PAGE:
So I spent the next couple of nights going back and reading my old posts.  Yes, some of my writing in the beginning was the personal details of how I came to be a mother of adoption loss.  But the majority of what I write here is far from personal.  It's mostly my thoughts and opinions on adoption that I am more than comfortable speaking out about now.

I spent so many years, three decades actually, hiding my truth from everyone in my life that speaking out at all about adoption felt so deeply personal.

In reality it isn't.

I'm still not too sure about letting people in my real life know about my blog. 

But the idea is a little less frightening now.

Although... a soundtrack plays in the back of my head ~
I'm hearing these words from one of my favorite songs:

"2 AM and I'm still awake, writing a song
If I get it all down on paper, it's no longer inside of me,
Threatening the life it belongs to.

And I feel like I'm naked in front of the crowd
Cause these words are my diary, screaming out loud"

Thursday, June 14, 2012

"The Strings of Life"

I stumbled onto the writing of Dabeshim a couple of days ago.  One of his poems caught me from the very first stanza.  I again am amazed at how the words of someone adopted can be so meaningful to me as a mother of adoption loss.  Below is the poem, interspersed with my own rambling thoughts brought to mind as I read the words. 

There once was a day
The winds were cold, darkness creped as far
As the inside, It had its say
We did as others wished
Serving them on a golden dish.
We knew no other way.
Like marionettes we lived,
Upon the Strings of Life.
Giving no thought at all.

The Florence Crittenton building was a big, old brick building. Dark. Cold. Always. Not the temperature, it was the atmosphere in that building…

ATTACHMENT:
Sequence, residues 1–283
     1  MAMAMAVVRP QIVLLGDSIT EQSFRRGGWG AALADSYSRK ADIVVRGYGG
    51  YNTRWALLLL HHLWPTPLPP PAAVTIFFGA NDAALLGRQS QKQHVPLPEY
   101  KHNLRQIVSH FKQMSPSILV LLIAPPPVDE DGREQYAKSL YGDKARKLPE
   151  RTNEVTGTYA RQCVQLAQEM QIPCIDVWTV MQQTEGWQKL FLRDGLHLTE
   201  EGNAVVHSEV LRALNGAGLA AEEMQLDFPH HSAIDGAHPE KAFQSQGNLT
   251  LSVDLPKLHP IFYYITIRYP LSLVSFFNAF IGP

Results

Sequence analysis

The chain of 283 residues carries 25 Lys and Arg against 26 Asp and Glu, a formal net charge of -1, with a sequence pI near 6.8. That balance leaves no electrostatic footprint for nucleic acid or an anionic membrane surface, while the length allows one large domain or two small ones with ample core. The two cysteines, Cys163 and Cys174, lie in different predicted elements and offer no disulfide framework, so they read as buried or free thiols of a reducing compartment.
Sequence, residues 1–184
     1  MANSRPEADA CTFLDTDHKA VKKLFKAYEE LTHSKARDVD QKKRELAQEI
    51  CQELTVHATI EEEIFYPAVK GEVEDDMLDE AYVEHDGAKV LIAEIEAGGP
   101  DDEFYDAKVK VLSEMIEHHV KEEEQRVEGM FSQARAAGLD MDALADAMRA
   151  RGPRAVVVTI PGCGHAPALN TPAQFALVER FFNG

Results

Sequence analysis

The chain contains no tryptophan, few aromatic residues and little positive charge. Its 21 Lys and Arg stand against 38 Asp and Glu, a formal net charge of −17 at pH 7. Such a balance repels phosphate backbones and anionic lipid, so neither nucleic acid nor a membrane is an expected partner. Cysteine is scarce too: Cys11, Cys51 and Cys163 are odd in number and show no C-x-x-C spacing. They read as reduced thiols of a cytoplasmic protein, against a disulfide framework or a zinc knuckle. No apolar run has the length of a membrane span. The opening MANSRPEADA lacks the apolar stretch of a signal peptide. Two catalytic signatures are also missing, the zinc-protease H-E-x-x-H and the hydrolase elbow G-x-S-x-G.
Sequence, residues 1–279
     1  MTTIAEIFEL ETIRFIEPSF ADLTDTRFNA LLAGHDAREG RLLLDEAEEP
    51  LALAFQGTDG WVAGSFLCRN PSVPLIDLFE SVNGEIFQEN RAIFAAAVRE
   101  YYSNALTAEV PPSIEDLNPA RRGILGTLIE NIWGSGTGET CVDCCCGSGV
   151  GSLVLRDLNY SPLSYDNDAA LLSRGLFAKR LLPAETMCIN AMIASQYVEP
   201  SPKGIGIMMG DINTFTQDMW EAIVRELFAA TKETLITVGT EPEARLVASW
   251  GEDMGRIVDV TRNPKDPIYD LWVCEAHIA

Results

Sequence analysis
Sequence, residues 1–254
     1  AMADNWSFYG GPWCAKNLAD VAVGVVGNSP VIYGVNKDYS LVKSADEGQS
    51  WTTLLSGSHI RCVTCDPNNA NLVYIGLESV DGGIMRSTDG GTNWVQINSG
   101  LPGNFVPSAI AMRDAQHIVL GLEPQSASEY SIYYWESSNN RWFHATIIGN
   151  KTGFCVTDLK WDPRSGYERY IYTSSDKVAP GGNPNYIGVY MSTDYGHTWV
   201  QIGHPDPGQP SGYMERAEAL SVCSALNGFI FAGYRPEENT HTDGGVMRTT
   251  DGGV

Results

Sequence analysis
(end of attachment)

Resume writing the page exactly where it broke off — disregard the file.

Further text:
I did only as they wished. As society expected of me. I made sure to let them all know that I wasn’t “one of those girls”. I really was a good girl, not a crack-whore. I really did love my baby, I really only wanted the best for him ~ It wasn’t at all that I didn’t want to be a mom, it wasn’t that I wanted to have a life full of fun instead of responsibility. I proved that I really did love my baby, loved him even more than I loved myself. I served my son up to the adoption industry on a golden dish…

What a good marionette I was, right in line being the good birthmother without any further convincing necessary. I already knew that there was no way I would raise a child in the way I was living. I knew that the only way I would be able to raise my child would be to move out of the house, and that would have been impossible on my own. I gave no thought towards the future, only to finishing what I had started by becoming pregnant while unmarried and young. No thought was given to what it would actually be like to give birth to my child, much less live without him. No thought was given to the fact that I couldn’t really ensure that my child would have a better life. No thought was given to what an adoptees life was like, how their life was affected by adoption. I was just following along with what was expected of me, like a marionette I lived…

I returned to school that fall unable to really be myself. I was sure that any classmates who knew of my pregnancy thought of me as either the classic whore or as a heartless person who gave her child away. I never breathed a word of my son to anyone afterwards, losing the freedom to be myself. Always fearful that someone would find out the truth. In addition, without even realizing it, my heart was locked up tight in order to not fully feel the loss of my son. How heavy was the weight of that prison I imposed on myself…

For our own freedom, our own call.
Now after so many years
I awoke to see that the power to live is
In you and in me.
We could be
Light as the air
With the wind through your hair

Free to move, here and there.
There and here, everywhere.
Now that we are no longer tied to the loom.
We can go from room to room.
We are Free at last,
no more strings of life to hold us down,
making us like clowns